[Updated in 2016]
From our school’s inception in 1922, athletics has been an integral part of life on campus. While the standard of excellence both in performance and sportsmanship has always been clear at the Brook, our mascot identity has been less so. Here is a brief and muddled history of our progression from the “Blue and White” to the “Bears.”
In the earliest issue of our school’s yearbook, Res Gestae 1926, no name is lent to our athletic teams other than “Stony Brook” or more simply “the boys.” However, by the next year each of our teams are given the name the “Blue and White.” For the next 44 years, until 1971, this moniker and other variations such as the “Blue” or “Big Blue” were employed, but it was far from the only one we adopted during that time span. From 1940-1971 as many as seven other mascots appeared intermittently in issues of Res Gestae or the Stony Brook Bulletin, thoroughly complicating our identity.
In the January 1940 edition of the student publication, Le Dernier Cri, the basketball and wrestling teams are referred to as the “Deacons.” From 1945-48 the name “Blue Jays” was scattered over the football, basketball and baseball teams, while from 1947-67 the “Brookers” was often the only label applied to our squads. In 1948 the term “Bruins” materializes seemingly out of thin air and was seen in various publications until it vanished in 1955 as mysteriously as it arrived. In 1951, another variation on the name “Stony Brook” caught on as we were irregularly referred to as the “Brooks” until about 1957. Even Newsday used this name in its March 4th, 1957 headline, “Brooks Down St. Paul’s to Win Ivy Cage Crown” as our basketball team clinched the Ivy League Championship in basketball.
Then, in 1956 the mascot “Bears” surfaced for only a single year before hibernating for the next thirty-one. All the while, “Blue and White” appeared alongside each of these mutations. It is surprising we did not go through an identity crisis as in some years we found our allegiance in no fewer than four different monikers. Further complicating matters, our cross country teams were for decades referred to only as the “harriers” defined as “a person who engages in persistent attacks on others or incursions on their land.” As if this history is not mystifying enough, a new and strange mascot arrived in the fall of 1970:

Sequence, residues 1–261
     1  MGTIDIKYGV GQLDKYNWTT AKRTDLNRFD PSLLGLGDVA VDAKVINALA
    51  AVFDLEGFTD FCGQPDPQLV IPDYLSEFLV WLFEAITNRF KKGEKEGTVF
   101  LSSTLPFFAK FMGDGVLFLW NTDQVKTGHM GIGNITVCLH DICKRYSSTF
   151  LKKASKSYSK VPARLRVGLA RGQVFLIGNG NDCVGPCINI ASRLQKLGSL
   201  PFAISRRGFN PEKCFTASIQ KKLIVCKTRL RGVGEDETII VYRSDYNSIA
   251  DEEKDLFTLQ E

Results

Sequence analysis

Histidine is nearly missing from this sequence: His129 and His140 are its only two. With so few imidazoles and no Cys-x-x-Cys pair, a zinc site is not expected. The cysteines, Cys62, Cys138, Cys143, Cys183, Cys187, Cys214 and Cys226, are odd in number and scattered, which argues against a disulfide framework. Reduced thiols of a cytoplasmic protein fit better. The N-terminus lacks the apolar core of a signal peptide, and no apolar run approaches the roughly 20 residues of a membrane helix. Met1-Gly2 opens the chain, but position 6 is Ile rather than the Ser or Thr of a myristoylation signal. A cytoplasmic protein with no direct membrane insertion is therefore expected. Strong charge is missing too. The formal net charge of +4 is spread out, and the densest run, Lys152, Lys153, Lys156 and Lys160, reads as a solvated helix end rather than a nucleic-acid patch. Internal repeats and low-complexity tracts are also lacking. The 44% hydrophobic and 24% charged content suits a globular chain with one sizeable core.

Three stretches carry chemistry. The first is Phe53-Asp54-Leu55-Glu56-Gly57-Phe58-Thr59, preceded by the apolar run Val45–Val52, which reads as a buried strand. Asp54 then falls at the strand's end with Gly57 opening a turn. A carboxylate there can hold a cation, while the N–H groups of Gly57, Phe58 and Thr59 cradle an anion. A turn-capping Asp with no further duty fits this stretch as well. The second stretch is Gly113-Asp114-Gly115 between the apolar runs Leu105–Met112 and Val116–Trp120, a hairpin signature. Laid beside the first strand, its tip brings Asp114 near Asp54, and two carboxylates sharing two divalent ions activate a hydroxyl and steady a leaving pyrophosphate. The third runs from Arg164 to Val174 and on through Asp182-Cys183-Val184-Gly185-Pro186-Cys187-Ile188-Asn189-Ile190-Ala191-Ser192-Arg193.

The shrike is a small predatory bird from the genus Lanius, a name derived from the Latin word for “butcher.” The Latin etymology of this bird serves it well as it is known for catching insects, small birds, or mammals and impaling their bodies on thorns or barbed wire. They will then leave their grisly cache hanging and return to finish their meal at a later time. The label “Shrikes” was first applied to our football team in the December 1970 issue of the Stony Brook Bulletin; however, other publications that year also make mention of the “Blue and White” for the final time. What is strange is that in both Res Gestae and the Bulletin, the title “Shrikes” is adopted solely by the football team leaving the other squads without an identity. By all accounts “Shrikes” began as a nickname for our football teams, given by coach John Engstrom, which were often defined by their resilience despite their small stature. When Engstrom became the Athletic Director the entire athletic department finally embraced its “Shrike”-ness. The first indication of this is seen in the September 1980 issue of Stony Brook Today, which also mentions the redesigning of the shrike logo.
In 1987-88 John Kenney assumed the reins of the athletic department and resurrected our old mascot, the “Bears” which we still adhere to today. Kenney’s choice was no doubt a nod to our past, but one has to think one of his favorite Bible verses, about Elisha calling down a curse on some boys poking fun at his baldness, played into the selection:
[Elisha] turned around, looked at them and called down a curse on them in the name of the Lord. Then two bears came out of the woods and mauled forty-two of the youths.
~ 2 Kings 2:24
For the last twenty-eight years the “Bear” name has served us well. Since our identity has been sorted out we have won a State Championship, 10 Long Island Championships, 37 Suffolk County Championships, and 63 League Championships. Let us hope that our future is one replete with the mauling of youths.
|1926-1971||Blue & White|